It's not hard to reason this one but you migh...
Karan Anshuman (Filmmaker/movie critic),
Karan Anshuman is a film critic for Mumbai Mirror. He's worked on a bunch of movie projects, none of which you've ever seen...yet! He's a history, photography, squash, web 2.0, food, and gaming enthusiast who would trade his soul to travel the world.
FERRARI KI SAWAARI: Stuck in Second Gear
Director: Rajesh Mapuskar; Cast: Sharman Joshi, Baman Irani, Ritvik Sahore, Paresh Rawal, Vidya Balan
Here are some words for you: cricket, expensive cars, feel good, Raju Hirani, Sachin Tendulkar. With all these little elements in one film, how can you possibly go wrong? But Ferrari ki Sawaari doesn’t quite drive as smooth as you’d think and once home, parks itself in a rather awkward way.
Two and a half men, a family of poor Parsis (their combined incomes well under Rs. 90,000) comprising of grouchy grandpa Deboo; his son, the upright and doting Rusy; and the doted-upon talented kid cricketer Kayo. Deboo and Kayo don’t see eye-to-eye on life’s trivialities but Rusy, ever smiling, keeps both of them humored and in a happy state of coexistence.
Rusy’s integrity and the tests it has to pass is the crux of the movie. Established easily and early as the man who’d never do anything wrong (a trait imbued by his son), he goes out of his way to maintain equilibrium until he needs to raise money that he does not have to send his son to a cricket camp at Lords.
In terms of the writing, the elements of the story are in place. You have the myth of Deboo and his childhood rival Dharmadhikari who resurfaces after nearly three decades; a well-defined crisis once the space and characters have been established; a couple of ancillary tracks that add to the comedy quotient and these--the roles of Tendulkar’s help and his bumbling building watchman who try and track down the missing car in addition to a corporator and his son (Taatya and Pakya), one who is concerned about his public image while the other insists on a Ferrari at his wedding at any cost--have been cast very well. The fact that the shadow of Sachin Tendulkar looms over the film will make it compelling for many.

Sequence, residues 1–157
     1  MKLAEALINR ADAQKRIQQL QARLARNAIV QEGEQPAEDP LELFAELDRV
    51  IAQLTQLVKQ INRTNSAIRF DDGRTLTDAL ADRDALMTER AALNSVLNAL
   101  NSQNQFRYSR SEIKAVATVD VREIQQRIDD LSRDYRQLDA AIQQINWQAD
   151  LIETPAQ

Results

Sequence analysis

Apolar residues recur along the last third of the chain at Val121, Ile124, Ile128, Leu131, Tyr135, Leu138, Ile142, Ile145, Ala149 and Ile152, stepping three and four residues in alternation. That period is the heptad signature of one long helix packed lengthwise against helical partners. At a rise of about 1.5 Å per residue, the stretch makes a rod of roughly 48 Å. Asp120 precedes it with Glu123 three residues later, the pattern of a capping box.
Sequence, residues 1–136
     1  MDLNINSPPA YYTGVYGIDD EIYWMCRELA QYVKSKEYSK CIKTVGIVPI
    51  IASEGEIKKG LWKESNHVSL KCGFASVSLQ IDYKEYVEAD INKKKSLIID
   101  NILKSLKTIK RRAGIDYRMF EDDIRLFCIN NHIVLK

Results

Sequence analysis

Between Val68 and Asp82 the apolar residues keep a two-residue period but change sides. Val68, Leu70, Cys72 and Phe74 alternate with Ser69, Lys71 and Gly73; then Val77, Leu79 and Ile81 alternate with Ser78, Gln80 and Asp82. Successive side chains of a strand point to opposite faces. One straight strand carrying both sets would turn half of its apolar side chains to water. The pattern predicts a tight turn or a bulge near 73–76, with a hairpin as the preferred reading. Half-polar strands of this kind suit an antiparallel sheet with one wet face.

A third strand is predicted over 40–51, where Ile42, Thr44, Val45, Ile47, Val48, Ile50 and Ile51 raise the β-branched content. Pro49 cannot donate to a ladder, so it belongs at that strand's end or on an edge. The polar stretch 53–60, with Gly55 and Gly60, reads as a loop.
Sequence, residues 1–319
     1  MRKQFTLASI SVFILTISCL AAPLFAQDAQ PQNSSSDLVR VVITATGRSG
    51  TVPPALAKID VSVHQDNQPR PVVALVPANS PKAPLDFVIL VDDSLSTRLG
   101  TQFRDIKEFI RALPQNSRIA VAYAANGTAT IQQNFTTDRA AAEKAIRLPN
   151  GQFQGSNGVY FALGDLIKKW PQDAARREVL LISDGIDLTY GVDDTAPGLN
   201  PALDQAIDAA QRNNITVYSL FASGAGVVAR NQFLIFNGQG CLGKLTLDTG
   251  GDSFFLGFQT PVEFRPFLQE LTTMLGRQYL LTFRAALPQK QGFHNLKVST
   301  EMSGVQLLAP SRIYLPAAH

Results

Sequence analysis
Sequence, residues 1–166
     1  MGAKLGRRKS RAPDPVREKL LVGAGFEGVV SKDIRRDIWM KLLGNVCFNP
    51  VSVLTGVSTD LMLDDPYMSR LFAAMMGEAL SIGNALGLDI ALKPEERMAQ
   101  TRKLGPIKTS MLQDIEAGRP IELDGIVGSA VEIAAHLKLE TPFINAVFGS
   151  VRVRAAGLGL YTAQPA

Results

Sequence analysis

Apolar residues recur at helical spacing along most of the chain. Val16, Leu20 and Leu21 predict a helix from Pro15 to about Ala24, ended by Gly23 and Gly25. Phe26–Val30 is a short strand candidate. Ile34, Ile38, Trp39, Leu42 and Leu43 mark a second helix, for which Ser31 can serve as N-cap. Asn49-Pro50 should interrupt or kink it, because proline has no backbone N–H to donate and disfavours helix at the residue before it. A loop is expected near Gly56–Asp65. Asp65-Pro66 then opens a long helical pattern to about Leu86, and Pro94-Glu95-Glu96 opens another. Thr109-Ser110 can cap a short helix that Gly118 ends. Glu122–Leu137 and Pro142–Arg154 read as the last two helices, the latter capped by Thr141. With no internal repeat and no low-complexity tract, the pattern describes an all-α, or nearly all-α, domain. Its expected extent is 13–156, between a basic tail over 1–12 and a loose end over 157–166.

However, the screenplay--particularly in critical moments that propel plot--is much too convenient and staccato. I’d point out specific examples, but that’d be spoiling it for you. In any case they’re so blatantly obvious, you’ll be groaning after spotting them without any trouble. Besides, the film is a little too long what with its muddled, extended wrap up and its un-Ferrari-like pace.
And are the writers were being rather subservient to the idea of a Ferrari being an epitome of achievement? I’d much rather be rooting for Kayo to make the cut for his Lords’ camp, but this boy is already the most gifted kid in the world. The underdog story is played out by Rusy alone and the film is squarely about money. Sachin Tendulkar owning a Ferrari is a bigger deal than Sachin Tendulkar being a genius sportsman. I’m not sure I agree with what the film is trying to eventually say, though the lessons in incorruptibility and Deboo’s angst and the way he deals with it is well appreciated.